This is for all those who say things like “I can’t understand how [polygamy] is such a stunning revelation for any long-time members” or “the only way not to be introduced to polygamy as a member is to not pay any attention” or “People are going to need to be responsible for their own study and stop asking ‘why didn’t the Church teach me these things’.” Let me help you understand not how members of the Church might be “stunned,” but why.
Personally, I haven’t felt any angst over the Church’s recent articles about polygamy. I think this is a more of a matter of chance though, rather than any systematic attempt to prevent these feelings.
As critical as I’ve been about the Church Educational System, the Institute instructor I had as a freshman at a university far away from the Mormon Corridor was instrumental in helping me become a well-adjusted LDS. I don’t remember the title of the course, but I was the only one who showed up, and the instructor (who was a full-time CES employee) said that if I kept coming to class so would he. He also switched the topic of the class to discuss, in his own words, “The four things I find the hardest to deal with in the Church.” We spent the bulk of one semester talking about polygamy, the priesthood ban, the role of women in the Church, and the Book of Abraham (IIRC). Looking back at it, parts of the course were too apologetic, but by and large, the time I spent with this instructor was instrumental in allowing me to feel that issues I had heard mentioned by other LDSs could be discussed openly, even in a church setting. In retrospect, it helped me maintain trust in the Church.
Trust, Reliance, and Betrayal
One difference between trust and reliance is the degree to which we render ourselves susceptible to various harms. We rely on our babysitter to show up on time, we rely on our car to start in the morning, and we rely on our employees to put in an honest day’s work. But when these things do not occur, we usually do not say that we feel betrayed. Betrayal tends to be reserved for situations where trust is breached beyond mere reliance. A friend sharing sensitive information publicly, a spouse entertaining the sexual advances of someone else, or a sibling depleting the savings of our aging parents; these are all cases where feeling betrayed is appropriate. Betrayal entails something deeper than reliance. Indeed, betrayal is only possible when something of great value is entrusted to another whom we thought cared for our righteous interests more than their own selfish interests.
Betrayal often occurs in spite of desire to trust. In other words, we want to trust the person or people we’ve rendered ourselves vulnerable to. However, betrayal cannot be willed away. We cannot simply decide not to feel betrayed. Rather, some kind of reason must be provided to either show that trust was not breached or that those we trusted can rebuild that trust.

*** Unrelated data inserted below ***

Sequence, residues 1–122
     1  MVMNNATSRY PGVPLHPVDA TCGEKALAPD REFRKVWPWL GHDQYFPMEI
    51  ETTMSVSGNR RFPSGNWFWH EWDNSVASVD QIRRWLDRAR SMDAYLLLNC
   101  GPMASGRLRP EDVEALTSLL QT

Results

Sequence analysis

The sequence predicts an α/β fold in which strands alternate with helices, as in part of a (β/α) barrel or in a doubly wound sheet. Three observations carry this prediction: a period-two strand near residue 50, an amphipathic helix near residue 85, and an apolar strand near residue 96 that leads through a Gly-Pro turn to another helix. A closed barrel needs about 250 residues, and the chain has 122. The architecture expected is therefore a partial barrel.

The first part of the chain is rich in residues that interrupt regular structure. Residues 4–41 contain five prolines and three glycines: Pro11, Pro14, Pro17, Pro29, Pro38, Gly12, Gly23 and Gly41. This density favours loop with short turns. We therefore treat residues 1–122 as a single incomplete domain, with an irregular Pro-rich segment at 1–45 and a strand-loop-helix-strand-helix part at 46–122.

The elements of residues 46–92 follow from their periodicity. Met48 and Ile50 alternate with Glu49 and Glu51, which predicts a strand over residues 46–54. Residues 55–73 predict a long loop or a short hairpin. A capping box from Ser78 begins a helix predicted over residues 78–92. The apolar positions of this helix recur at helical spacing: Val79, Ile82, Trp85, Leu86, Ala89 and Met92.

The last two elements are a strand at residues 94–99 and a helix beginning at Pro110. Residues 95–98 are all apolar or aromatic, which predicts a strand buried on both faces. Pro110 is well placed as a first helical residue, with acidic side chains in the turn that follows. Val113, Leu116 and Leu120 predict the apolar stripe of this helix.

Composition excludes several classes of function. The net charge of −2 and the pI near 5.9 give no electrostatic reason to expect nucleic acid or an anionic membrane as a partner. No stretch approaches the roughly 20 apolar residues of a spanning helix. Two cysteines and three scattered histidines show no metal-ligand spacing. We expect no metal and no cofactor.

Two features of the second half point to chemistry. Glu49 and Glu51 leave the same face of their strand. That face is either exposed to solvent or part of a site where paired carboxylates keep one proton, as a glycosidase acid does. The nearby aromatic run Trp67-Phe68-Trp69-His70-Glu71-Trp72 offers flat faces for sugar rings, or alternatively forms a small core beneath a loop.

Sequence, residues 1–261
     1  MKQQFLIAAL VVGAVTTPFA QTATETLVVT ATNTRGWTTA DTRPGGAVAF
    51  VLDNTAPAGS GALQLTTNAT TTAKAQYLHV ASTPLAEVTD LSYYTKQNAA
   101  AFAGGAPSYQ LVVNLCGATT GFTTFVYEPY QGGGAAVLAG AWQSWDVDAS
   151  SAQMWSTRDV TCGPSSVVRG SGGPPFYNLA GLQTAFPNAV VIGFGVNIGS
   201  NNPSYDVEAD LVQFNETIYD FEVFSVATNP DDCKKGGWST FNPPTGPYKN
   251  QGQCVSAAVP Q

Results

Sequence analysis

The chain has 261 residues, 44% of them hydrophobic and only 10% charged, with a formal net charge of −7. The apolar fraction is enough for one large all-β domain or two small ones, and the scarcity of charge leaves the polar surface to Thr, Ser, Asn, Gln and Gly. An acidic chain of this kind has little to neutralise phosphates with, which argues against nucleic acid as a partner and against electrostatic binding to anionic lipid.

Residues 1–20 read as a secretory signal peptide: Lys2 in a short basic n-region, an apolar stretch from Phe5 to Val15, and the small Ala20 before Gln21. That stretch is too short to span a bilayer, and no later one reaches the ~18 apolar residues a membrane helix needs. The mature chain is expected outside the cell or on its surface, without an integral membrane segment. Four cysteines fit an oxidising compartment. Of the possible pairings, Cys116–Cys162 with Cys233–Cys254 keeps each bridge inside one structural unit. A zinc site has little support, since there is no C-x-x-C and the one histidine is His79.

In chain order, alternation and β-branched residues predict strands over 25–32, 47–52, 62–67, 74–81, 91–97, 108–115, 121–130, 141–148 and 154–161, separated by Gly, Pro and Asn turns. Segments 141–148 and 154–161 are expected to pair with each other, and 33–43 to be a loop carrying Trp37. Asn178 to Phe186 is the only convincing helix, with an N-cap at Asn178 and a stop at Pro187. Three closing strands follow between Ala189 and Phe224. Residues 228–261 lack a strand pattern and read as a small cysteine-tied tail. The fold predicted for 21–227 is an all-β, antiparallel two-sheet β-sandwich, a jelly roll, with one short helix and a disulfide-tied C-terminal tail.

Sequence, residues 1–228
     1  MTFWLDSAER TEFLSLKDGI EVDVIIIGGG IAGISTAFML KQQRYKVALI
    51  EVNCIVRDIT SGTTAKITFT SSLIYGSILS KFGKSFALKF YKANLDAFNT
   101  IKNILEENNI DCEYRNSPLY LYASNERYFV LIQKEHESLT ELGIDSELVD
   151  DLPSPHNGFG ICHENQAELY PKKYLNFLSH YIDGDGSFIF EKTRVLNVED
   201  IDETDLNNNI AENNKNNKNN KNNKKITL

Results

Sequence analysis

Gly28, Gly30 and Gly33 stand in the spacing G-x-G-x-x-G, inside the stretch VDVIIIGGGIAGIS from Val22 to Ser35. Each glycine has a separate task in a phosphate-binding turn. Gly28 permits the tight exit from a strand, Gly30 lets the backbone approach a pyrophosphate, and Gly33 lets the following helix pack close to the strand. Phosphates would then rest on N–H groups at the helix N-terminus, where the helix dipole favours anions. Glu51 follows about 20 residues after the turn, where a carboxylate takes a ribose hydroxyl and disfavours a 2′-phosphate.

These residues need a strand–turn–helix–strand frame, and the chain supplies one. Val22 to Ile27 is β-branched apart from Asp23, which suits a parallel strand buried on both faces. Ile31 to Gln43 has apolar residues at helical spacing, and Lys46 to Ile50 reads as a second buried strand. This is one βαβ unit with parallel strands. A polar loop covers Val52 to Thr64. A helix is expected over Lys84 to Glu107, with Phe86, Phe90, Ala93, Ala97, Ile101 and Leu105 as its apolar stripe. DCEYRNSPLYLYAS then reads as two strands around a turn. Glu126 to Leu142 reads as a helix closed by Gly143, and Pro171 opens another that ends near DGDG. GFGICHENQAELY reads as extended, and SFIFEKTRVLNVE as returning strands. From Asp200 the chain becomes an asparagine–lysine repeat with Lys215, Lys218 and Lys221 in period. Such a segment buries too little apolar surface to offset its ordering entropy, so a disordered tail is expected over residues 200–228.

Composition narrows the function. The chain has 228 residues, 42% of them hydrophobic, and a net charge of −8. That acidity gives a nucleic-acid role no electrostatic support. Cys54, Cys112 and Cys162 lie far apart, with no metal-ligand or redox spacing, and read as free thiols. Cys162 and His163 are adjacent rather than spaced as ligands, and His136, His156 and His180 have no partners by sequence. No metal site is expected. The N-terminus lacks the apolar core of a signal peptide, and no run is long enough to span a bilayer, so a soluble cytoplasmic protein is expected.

At the same time, trust is harder to gain than to lose. As such, attempting to justify the act without the possibility of apology can often backfire—appearing as a refusal to acknowledge the betrayal, as selfishness, or even worse, appearing as deception. In these circumstances, the possibility of an apology can often pave the way for a meaningful discussion that begins to disarm feelings of betrayal and restore trust. Refusal to acknowledge even the slightest wrongdoing, however, compounds the problem; and eventually the person feeling betrayed loses the desire to trust.
Many of those feeling betrayed by the Church start out not wanting to feel this way. They want to trust the Church; however, their experiences with the Church have led them to feel conflicted. With regard to polygamy, they feel that the Church has breached their trust by not being upfront about polygamy (i.e., it seems that the Church is more interested in preserving its own image rather than being honest with its members that it claims to serve). Rather than telling these people that their feelings are unwarranted (which only compounds the problem) because one’s experiences are different from theirs, it is far more productive to entertain the possibility that in fact the Church could have been more upfront about polygamy. This, IMO, would open the door to a discussion about what it means to be upfront about polygamy, and may even mitigate feelings of betrayal by contextualizing what the Church has done within its practical constraints (i.e., there’s only so much time at church). But by not opening the door to truly listen and learn from those feeling betrayed, it not only blames them for their own unwanted feelings, but decreases the possibility of any reconciliation.